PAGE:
A philosopher/mechanic's wise (and sometimes funny) look at the challenges and pleasures of working with one's hands Called "the sleeper hit of the publishing season" ( The Boston Globe ), Shop Class as Soulcraft became an instant bestseller, attracting readers with its radical (and timely) reappraisal of the merits of skilled manual labor. On both economic and psychological grounds, author Matthew B. Crawford questions the educational imperative of turning everyone into a "knowledge worker," based on a misguided separation of thinking from doing. Using his own experience as an electrician and mechanic, Crawford presents a wonderfully articulated call for self-reliance and a moving reflection on how we can live concretely in an ever more abstract world.
It's appropriate that [ Shop Class as Soulcraft ] arrives in May, the month when college seniors commence real life. Skip Dr. Seuss, or a tie from Vineyard Vines, and give them a copy for graduation.... It's not an insult to say that Shop Class is the best self-help book that I've ever read. Almost all works in the genre skip the self" part and jump straight to the "help." Crawford rightly asks whether today's cubicle dweller even has a respectable self....It's kind of like Heidegger and the Art of Motorcycle Maintenance."- Slate"Matt Crawford's remarkable book on the morality and metaphysics of the repairman looks into the reality of practical activity. It is a superb combination of testimony and reflection, and you can't put it down."-Harvey Mansfield, Professor of Government, Harvard University"Every once in a great while, a book will come along that's brilliant and true and perfect for its time. Matthew B. Crawford's Shop Class as Soulcraft is that kind of book, a prophetic and searching examination of what we've lost by ceasing to work with our hands-and how we can get it back. During this time of cultural anxiety and reckoning, when the conventional wisdom that has long driven our wealthy, sophisticated culture is foundering amid an economic and spiritual tempest, Crawford's liberating volume appears like a lifeboat on the horizon."-Rod Dreher, author of Crunchy Cons: The New Conservative Counterculture and Its Return to Roots"This is a deep exploration of craftsmanship by someone with real, hands-on knowledge. The book is also quirky, surprising, and sometimes quite moving."-Richard Sennett, author of The Craftsman"Matt Crawford has written a brave and indispensable book. By making a powerful case for the enduring value of the manual trades, Shop Class as Soulcraft offers a bracing alternative to the techno-babble that passes for conventional wisdom, and points the way to a profoundly necessary reconnection with the material world. No one who cares about the future of human work can afford to ignore this book."-Jackson Lears, Editor in Chief, Raritan"We are on the verge of a national renewal. It will have more depth and grace if we read Crawford's book carefully and take it to heart. He is a sharp theorist, a practicing mechanic, and a captivating writer."-Albert Borgmann, author of Real American Ethics" Shop Class as Soulcraft is easily the most compelling polemic since The Closing of the American Mind . Crawford offers a stunning indictment of the modern workplace, detailing the many ways it deadens our senses and saps our vitality. And he describes how our educational system has done violence to our true nature as 'homo faber'. Better still, Crawford points in the direction of a richer, more fulfilling way of life. This is a book that will endure."-Reihan Salam, associate editor at The Atlantic , co-author of Grand New Party"Crawford reveals the satisfactions of the active craftsman who cultivates his own judgment, rather than being a passive consumer subject to manipulated fantasies of individuality and creativity."- Nathan Tarcov, Committee on Social Thought, University of Chicago Philosopher and motorcycle repair-shop owner Crawford extols the value of making and fixing things in this masterful paean to what he calls "manual competence," the ability to work with one's hands. According to the author, our alienation from how our possessions are made and how they work takes many forms: the decline of shop class, the design of goods whose workings cannot be accessed by users (such as recent Mercedes models built without oil dipsticks) and the general disdain with which we regard the trades in our emerging "information economy." Unlike today's "knowledge worker," whose work is often so abstract that standards of excellence cannot exist in many fields (consider corporate executives awarded bonuses as their companies sink into bankruptcy), the person who works with his or her hands submits to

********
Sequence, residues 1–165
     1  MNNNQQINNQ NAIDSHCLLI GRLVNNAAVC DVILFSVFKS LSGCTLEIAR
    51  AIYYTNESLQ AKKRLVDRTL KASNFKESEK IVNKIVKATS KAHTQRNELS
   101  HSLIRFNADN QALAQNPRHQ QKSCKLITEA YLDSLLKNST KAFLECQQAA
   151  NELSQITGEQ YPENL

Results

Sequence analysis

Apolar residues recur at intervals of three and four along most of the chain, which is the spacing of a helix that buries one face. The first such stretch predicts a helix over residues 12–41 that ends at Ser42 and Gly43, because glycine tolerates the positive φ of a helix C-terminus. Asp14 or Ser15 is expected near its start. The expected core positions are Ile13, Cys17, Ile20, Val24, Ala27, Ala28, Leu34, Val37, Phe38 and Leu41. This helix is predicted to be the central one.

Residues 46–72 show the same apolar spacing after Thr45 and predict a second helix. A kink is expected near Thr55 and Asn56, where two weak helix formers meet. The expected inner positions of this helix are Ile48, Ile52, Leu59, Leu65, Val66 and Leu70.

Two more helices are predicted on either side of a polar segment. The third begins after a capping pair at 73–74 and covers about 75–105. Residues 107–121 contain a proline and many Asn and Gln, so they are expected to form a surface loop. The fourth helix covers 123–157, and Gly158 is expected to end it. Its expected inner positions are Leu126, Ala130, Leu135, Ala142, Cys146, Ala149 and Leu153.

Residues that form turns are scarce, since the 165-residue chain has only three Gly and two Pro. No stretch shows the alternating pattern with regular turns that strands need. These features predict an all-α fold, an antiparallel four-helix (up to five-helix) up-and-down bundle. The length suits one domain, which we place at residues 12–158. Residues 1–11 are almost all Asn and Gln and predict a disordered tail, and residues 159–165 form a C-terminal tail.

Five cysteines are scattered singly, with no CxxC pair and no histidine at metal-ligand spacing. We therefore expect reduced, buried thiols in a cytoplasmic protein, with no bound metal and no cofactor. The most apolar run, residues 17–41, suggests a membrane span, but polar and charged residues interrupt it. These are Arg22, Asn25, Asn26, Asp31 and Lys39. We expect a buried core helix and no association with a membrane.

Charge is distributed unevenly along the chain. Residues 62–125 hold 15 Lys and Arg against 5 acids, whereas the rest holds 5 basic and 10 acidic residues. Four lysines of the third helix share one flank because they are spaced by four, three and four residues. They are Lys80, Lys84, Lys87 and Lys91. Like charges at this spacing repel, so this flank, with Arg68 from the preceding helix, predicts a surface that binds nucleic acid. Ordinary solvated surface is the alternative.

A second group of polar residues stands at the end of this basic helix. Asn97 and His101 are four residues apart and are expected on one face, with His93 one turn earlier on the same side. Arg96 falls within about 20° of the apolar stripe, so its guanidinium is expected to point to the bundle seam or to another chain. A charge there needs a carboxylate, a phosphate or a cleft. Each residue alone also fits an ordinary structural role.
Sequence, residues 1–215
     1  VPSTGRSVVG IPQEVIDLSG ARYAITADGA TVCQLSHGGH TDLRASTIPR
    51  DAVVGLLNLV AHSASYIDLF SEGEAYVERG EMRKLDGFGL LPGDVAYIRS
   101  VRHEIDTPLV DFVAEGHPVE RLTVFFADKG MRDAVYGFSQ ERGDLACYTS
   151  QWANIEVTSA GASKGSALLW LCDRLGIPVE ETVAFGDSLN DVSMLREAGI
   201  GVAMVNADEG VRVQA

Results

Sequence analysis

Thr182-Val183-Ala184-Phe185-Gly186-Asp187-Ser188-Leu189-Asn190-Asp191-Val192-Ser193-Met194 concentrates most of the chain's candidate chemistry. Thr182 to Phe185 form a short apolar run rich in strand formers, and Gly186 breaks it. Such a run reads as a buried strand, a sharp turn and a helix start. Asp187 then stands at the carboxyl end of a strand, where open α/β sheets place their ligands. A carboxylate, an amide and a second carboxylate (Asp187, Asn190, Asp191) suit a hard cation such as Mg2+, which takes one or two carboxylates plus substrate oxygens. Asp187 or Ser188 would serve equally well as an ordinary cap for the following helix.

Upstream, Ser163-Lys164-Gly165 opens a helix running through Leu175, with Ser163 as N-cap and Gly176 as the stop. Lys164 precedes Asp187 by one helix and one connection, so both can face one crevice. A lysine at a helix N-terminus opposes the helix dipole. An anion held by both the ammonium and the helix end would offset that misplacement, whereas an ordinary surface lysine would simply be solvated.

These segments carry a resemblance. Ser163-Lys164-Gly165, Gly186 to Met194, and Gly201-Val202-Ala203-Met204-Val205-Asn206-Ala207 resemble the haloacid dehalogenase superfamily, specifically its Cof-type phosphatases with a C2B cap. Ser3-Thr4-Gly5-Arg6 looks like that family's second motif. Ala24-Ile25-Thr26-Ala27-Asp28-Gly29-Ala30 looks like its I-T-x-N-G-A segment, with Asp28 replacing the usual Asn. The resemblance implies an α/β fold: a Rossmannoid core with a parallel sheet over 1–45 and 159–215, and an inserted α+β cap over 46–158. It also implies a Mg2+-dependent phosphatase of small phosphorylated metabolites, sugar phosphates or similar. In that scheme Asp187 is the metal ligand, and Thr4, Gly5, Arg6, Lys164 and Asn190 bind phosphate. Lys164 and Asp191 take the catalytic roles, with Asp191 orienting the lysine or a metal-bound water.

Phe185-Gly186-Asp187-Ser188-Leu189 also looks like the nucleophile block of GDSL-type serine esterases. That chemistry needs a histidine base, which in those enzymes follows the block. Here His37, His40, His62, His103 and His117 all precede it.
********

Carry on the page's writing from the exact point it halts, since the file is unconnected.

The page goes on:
Matthew B. Crawford, promovierter Philosoph und Motorradmechaniker, studierte politische Philosophie an der University of Chicago und war dort Fellow am Commitee on Social Thought. Zurzeit lehrt er am University of Virginia s Institute of Advanced Studies in Culture und arbeitet als Motorradmechaniker in seiner eigenen Reparaturwerkstatt Shockoe Moto in Richmond, Virginia.